So, it looks like the NY Parks Department is not maximizing profits. I am not sure we would want them to.

HT: Mungowitz

Is Central Planing inefficient?

The question is posed by recent research:
For 40 years the Soviet Union was indeed a growth miracle, but it was a spectacularly unsustainable one based on extractive political and economic institutions. The powerful Soviet state could generate large productivity increases by moving people from rural areas and putting them into factories.

 ... the reason why his thesis is ultimately unconvincing is that ... backward economies can grow rapidly and may do so using a variety of arrangements. This is made feasible because they are benefiting from catch-up and technological convergence. The fact that Soviet Russia took advantage of catch-up opportunities and transferred resources from its massively inefficient agriculture to industry implies neither that central planning was efficient in the short run nor that it could be a steppingstone for more growth-enhancing institutional structure in the long run.

 Inevitably, the collectivist system collapsed due to the universal problem of management:  
Do central planners have enough information to make good decisions, and the incentive to do so?

Anyone who has read chapters 1 and 2 knows the answer.


Wednesday, August 8, 2012

Do environmentalists cause pollution?

Carbon credits, designed as a payment to companies who reduce pollution, instead have the opposite effect.
So since 2005 the 19 plants receiving the waste gas payments have profited handsomely from an unlikely business: churning out more harmful coolant gas so they can be paid to destroy its waste byproduct. The high output keeps the prices of the coolant gas irresistibly low, discouraging air-conditioning companies from switching to less-damaging alternative gases. That means, critics say, that United Nations subsidies intended to improve the environment are instead creating their own damage.

The problem can easily be understood using marginal analysis: pollution credits increase the marginal benefit of producing the harmful coolant. This increases supply, which reduces the price, which encourages more coolant consumption.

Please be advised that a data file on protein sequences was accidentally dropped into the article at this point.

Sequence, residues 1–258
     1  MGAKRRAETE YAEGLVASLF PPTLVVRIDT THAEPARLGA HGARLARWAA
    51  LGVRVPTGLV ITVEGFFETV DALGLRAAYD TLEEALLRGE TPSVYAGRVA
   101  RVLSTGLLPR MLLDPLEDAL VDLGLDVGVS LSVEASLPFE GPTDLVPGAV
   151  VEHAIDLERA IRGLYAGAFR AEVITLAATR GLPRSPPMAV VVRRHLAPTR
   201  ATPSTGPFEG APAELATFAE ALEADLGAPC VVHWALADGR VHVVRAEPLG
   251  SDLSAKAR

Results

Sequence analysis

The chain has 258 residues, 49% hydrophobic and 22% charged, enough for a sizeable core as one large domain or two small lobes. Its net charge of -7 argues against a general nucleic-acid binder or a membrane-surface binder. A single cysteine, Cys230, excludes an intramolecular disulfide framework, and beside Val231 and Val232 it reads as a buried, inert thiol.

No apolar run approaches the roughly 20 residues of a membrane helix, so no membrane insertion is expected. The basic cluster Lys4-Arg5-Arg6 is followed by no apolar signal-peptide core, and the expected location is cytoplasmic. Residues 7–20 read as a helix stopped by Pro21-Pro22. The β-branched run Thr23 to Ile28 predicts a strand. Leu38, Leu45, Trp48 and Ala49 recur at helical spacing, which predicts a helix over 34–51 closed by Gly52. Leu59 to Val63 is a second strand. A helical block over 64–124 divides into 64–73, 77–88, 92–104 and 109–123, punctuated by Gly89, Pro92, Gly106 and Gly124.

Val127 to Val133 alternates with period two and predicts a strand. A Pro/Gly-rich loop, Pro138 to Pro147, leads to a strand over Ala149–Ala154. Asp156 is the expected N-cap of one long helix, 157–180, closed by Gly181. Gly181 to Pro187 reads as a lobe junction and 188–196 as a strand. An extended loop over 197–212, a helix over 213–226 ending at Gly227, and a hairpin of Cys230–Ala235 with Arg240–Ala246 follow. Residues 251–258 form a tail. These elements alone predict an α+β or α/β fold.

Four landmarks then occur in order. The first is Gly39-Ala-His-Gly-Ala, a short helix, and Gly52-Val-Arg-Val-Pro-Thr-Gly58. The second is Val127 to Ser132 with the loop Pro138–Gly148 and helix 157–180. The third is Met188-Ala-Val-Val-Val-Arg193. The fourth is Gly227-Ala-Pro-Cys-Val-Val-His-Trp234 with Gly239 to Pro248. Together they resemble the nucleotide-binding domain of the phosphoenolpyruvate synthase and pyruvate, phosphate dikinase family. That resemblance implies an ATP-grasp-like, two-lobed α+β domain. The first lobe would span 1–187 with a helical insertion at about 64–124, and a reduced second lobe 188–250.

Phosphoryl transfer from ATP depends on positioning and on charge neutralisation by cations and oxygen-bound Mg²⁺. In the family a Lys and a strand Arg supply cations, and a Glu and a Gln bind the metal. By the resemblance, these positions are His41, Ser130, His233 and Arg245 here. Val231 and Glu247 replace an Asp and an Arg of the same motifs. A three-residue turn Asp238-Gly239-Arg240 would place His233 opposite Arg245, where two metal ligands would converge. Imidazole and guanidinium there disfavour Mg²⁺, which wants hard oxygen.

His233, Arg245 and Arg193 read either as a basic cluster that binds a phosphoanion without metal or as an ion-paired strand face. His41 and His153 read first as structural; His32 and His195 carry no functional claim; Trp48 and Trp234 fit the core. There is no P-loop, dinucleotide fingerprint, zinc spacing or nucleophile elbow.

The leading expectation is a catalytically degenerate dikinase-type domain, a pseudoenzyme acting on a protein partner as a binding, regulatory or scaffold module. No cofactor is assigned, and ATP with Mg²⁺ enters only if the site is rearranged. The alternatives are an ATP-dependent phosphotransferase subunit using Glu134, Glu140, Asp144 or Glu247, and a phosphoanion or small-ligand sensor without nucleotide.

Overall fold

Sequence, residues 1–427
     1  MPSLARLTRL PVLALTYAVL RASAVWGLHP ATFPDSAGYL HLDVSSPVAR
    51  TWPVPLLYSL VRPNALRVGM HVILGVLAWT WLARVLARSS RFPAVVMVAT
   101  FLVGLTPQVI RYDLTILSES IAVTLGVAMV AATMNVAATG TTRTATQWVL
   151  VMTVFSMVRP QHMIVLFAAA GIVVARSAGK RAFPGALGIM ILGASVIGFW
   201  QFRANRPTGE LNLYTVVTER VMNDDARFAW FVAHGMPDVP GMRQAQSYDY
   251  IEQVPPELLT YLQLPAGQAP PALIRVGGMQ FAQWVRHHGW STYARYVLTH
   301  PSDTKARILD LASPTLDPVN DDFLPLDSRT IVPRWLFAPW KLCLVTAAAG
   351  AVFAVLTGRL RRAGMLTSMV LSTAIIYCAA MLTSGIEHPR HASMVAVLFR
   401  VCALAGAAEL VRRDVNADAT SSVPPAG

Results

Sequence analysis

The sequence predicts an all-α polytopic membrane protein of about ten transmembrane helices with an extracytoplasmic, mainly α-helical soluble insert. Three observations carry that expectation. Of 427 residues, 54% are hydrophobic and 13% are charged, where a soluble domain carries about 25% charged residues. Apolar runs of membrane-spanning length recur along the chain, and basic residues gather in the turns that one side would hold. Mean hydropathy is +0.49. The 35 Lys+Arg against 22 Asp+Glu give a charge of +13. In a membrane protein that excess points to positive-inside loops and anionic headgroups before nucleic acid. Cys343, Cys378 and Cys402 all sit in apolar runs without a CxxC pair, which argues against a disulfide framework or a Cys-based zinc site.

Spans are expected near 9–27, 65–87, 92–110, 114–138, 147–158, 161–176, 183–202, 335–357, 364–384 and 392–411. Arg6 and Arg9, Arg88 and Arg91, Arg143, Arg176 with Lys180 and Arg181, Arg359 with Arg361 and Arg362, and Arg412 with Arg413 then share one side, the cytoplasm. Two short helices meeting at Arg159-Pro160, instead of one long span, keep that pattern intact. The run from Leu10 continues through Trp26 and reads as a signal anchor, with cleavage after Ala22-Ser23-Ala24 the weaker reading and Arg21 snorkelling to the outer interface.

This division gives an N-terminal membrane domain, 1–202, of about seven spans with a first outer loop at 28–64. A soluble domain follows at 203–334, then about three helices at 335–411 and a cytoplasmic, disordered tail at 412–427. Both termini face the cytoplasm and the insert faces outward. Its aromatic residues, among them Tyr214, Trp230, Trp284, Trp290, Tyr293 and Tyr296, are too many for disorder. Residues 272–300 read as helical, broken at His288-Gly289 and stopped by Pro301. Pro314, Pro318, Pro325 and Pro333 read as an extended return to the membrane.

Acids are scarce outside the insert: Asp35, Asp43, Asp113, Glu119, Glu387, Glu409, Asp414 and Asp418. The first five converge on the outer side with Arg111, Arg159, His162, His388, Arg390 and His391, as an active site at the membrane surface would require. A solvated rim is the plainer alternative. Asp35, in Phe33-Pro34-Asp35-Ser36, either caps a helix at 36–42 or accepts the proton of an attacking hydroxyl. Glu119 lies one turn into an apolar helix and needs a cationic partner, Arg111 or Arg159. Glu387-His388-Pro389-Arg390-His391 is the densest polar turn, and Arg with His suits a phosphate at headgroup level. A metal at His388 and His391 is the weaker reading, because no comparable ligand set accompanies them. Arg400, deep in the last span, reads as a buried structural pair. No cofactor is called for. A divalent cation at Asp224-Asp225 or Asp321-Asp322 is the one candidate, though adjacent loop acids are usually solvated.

When the developed world (UN & EU) threatened to cut off the pollution credits, China and India threatened to release the gas into the atmosphere.  This is an interesting bargaining ploy that works only if the developed world cares more about the pollution than India and China.   

How should universities respond to rising costs, declining demand, and the emergence of cheap alternatives?

The classic strategy case is one in which a firm's external competitive environment shifts, and the firm must decide what to do. This article in the economist documents the rising internal costs of education and the diminished ability of customers to pay.
Many universities' first instinct will be to batten down the hatches and wait for this storm to pass. But the storm is not going to pass. The higher-education industry faces a stark choice: either adapt to a rapidly changing world or face a future of cheeseparing. It is surely better to rethink the career structure of your employees than to see it wither (the proportion of professors at four-year universities who are on track to win tenure fell from 50% in 1997 to 39% ten years later). And it is surely better to reform yourself than to have hostile politicians take you into receivership.

Get Grandma off the dole

Social Security and Medicare were were designed to alleviate poverty among the elderly. However, now these "mandatory spending" programs take from the poor, and give to the rich:
Consider a single woman earning the average wage who turned 65 in 1980. She has paid in $8,000 but will take out $81,000 in benefits, or more than 10 times her contribution.
Unfortunately, the online article lacks the tables and figures from the print edition that managed to piss my teenager off, even without reading the article.